The Value of Quantitative Impact Assessments

Quantitative Impact Assessments

In the past decade, Corporate Social Responsibility (CSR) initiatives have become more visible within most large companies.  Many businesses have already established new policies and practices to improve their impact on Environmental, Social, and Governance (ESG) externalities, as part of a larger move toward longer-term value creation for all stakeholders.

In his latest Forbes article, Jason Stern describes The Business Benefits of Corporate Social Responsibility (CSR) Impact Assessments. As businesses expand their view beyond pure short-term profit, they are finding new ways to measure their performance. The best way to do this is to start integrating impact assessment metrics into the reporting framework.

Organizations that measure their CSR activities find it easier to manage them effectively.  Annual impact assessments, in combination with other CSR practices, can create value and support returns related to share price and market value, sales and revenue, reputation and brand value, human resources, risk reduction and compliance.

By learning more about how CSR initiatives impact financial performance, corporate leaders can gain a better understanding of their influence on the value of the business.  They will also gain a new lens through which to evaluate CSR proposals.

By learning more about how CSR initiatives impact financial performance, corporate leaders can gain a better understanding of their influence on the value of the business.  They will also gain a new lens through which to evaluate CSR proposals.

Recent research from Project ROI, an endeavor spearheaded by research firm 10 Sustainability and the Babson College Social Innovation Lab, shows that CSR practices have great potential to deliver financial Returns On Investment (ROI), as well as related business and competitive benefits. Here are some of the ways Project ROI quantifies the potential business benefits of CSR initiatives:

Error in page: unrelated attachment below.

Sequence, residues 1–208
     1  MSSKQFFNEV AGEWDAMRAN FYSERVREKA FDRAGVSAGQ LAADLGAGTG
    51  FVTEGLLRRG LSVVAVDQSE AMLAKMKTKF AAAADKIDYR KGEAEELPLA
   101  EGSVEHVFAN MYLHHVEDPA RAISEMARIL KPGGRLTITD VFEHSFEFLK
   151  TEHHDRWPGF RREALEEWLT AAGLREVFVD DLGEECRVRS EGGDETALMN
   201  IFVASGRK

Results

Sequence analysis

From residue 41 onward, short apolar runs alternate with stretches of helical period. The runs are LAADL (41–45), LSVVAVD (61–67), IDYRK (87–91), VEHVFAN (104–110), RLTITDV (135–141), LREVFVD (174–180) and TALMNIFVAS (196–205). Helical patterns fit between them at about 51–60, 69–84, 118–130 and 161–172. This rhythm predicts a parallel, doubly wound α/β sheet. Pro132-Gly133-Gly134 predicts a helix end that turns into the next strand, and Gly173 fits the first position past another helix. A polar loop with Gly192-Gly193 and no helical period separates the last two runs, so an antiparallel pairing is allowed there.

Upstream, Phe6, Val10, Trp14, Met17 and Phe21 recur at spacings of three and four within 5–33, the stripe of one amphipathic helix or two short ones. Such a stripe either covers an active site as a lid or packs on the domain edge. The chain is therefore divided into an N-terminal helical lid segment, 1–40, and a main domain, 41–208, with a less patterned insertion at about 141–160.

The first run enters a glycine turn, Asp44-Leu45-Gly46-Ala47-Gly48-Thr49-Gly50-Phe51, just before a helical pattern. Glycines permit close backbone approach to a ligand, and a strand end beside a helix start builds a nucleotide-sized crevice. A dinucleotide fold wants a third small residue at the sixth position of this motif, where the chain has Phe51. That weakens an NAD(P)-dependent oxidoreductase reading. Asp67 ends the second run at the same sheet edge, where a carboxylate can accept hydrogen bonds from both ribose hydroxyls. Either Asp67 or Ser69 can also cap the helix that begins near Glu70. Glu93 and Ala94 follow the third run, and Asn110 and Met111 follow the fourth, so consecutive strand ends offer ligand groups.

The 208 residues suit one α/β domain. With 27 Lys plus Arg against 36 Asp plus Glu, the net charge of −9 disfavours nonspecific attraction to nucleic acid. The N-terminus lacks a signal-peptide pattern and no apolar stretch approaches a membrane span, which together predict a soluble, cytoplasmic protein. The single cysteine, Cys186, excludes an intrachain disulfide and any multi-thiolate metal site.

• Increase market value by up to 4-6%
  • Increase valuation for companies with strong stakeholder relationships by 40-80%
  • Over a 15-year period, increase shareholder value by USD $1.28 billion
  • Reduce the cost of equity by 1%
  • Reduce systemic risk by 4%
  • Reduce share price volatility by 2-10%
  • Avoid market losses from crises

Simfoni has created a comprehensive impact assessment framework that analyses 6 key externalities of an organization and assigns a monetary value, in terms of impact:

1. Business Model Impact

This dimension considers all stakeholders impacted by the company through its business activities and the customers it serves. What is the underlying nature of the business?  Is it a hospital or a weapons manufacturer? To what extent are its activities harmful or helpful to society at large?

2. Environmental Impact

This measures the company’s impact on the world’s stock of natural resources, on an ongoing basis.

3. Supply Chain Impact

This widens the scope of influence by examining the company’s entire supply chain and its impact on nature and society. Does it operate in an ethical, low-carbon way? Does it have good policies, in terms of recruitment and employment?

4. Corporate Social Responsibility & Social Impact

What kinds of social programs donations and contributions does the business make—financial or otherwise—to society at large? Does it sponsor the arts or community events?  Has it contributed to any environmental clean-up projects?

5. Human Impact

To what extent does your organization improve the quality of life for the people who work for it? Does it offer training and development?  What impact does it have on the local community?

6. Non-shareholder Externalities Impact

This includes financial contributions such as taxes, business rates, and other tariffs that do not go back to the company’s shareholders but do contribute to society at large through better roads, better quality educations, etc.

At first glance, some of these aspects may seem hard to quantify.  But if you drill into it a bit, you can find ample documentation to support the impact of certain actions, based on statistical evidence.

If your business hasn’t yet implemented annual impact assessments as part of its CSR program, or if your initiatives aren’t tightly integrated with your business strategy, this is the perfect time to start. Smarter spending habits designed to improve environmental and social impact can simultaneously drive business benefits across your organization.  Business leaders can drive real, actionable change by using data from impact assessments and supplier diversity reporting. 

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